From the Sugar Act of 1764 through the Tea Act of 1773, the British Parliament imposed a variety of taxes upon their American colonies in an effort to raise revenue to offset the enormous debts incurred during the Seven Years' (French and Indian) War. Far more efficiently than raising revenue, these duties raised the indignation of the colonits, contributing more than their share to the alienation that fueled the independence movement.
The Stamp Act became the first direct tax on the American colonies in 1765, levying a fee on all official documents, and thus all legal transactions. The response of the Massachusetts House of Representatives was swift and decisive. On June 6, 1765, they agreed to the motion of James Otis to organize an intercolonial meeting to resist the Stamp Act, and two days later, issued a circular letter to the assemblies of the other colonies. The resulting Stamp Act Congress included 9 of the 13 colonies, and their vigorous protest, coupled with effective boycotts of British goods and the all too often violent response in the streets, led Parliament to withdraw the act in 1766.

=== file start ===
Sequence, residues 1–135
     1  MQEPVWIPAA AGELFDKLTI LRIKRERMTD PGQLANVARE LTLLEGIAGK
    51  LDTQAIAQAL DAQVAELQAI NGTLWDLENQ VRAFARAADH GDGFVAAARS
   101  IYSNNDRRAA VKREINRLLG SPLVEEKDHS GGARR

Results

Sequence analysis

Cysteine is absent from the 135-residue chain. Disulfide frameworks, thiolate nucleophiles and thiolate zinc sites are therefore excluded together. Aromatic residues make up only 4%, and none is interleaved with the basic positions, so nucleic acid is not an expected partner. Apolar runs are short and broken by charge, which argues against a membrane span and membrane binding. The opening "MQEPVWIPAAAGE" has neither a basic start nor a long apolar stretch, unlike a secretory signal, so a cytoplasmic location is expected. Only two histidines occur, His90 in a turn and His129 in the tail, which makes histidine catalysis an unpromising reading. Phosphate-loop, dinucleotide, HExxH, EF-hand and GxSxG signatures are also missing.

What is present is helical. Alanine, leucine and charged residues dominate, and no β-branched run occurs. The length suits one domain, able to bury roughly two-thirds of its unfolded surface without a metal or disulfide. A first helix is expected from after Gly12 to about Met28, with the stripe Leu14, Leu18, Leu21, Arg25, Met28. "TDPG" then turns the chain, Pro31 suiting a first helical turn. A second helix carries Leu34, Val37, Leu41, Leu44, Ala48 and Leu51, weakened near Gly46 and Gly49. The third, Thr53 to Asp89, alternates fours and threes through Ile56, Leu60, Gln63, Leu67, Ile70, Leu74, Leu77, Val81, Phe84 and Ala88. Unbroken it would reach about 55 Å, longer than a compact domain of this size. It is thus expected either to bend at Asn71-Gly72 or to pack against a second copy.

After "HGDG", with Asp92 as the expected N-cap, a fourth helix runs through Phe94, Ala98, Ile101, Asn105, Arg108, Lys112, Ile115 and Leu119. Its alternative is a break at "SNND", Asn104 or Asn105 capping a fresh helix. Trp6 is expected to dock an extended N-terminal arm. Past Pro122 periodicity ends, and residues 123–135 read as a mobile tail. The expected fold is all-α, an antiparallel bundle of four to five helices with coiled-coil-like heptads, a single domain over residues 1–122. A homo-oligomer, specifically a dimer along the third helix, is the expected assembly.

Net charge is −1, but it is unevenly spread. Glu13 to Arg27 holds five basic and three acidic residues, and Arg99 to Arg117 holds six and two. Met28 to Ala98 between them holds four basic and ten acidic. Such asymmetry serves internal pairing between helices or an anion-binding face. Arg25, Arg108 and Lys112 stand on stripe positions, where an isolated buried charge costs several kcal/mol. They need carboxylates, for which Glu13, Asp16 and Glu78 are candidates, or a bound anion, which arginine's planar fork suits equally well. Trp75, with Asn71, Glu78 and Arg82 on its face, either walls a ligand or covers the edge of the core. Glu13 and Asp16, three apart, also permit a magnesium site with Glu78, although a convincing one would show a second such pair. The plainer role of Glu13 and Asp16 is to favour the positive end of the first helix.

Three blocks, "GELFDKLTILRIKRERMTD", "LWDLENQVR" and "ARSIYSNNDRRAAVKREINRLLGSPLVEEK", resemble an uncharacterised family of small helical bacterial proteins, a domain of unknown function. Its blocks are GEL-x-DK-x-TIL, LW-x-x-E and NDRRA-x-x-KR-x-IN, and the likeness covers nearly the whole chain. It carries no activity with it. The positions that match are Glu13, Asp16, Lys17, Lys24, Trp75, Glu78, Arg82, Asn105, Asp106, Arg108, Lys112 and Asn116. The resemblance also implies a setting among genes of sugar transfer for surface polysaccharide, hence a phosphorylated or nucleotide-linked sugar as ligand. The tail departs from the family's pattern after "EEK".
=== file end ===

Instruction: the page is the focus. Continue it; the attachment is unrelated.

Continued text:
Yet in a sign of things to come, Parliament issued their withdrawal of the Stamp Act with an no-nonsense Declaratory Act resserting their authority over all colonial affairs, including taxation. Still seeking ways of extracting additonal revenue from the colonies, in 1767 the Chancellor of the Exchequer Charles Townshend proposed a duty on all imports into the colonies of five key commodities -- lead, paint, glass, paper and tea -- reasoning that such indirect taxation would be less odious. Clearly a misjudgment of the mood in the colonies, the Townshend Duties produced results very similar to the Stamp Act: wide spread protests, sporadic violence, and increasing coordination between radical elements in all 13 colonies. The Non-Importation Agreements in 1768 and 1769 were the a series of boycotts of British imports organized in nearly port city in the 13 colonies, accompanied by, eventually led to repeal of four of five of the Townshend duties in 1770.
The sole Townshend Duty to remain in place after 1770 was the duty on tea, and American radicals continued their boycott of that commodity. With declining revenues for the East India Company, Prime Minister Frederick North was led to recraft the scheme of taxation on tea, the most important features of which were to impose the tax at the point of origin, and to sell the tea in America through consignees who were granted exclusive rights to its retail. The results followed the pattern set in the previous decade of agitation, culminating in the Tea Party in Boston, the impoundment of tea in Charleston, and the successful rejection of tea in Philadelphia and elsewhere. Local resistance, in short, made the Tea Act as much a dead letter as any of its predecessors.
From the guide to the Pennsylvania Stamp Act and Non-Importation Resolutions Collection, 1765-1775, (American Philosophical Society)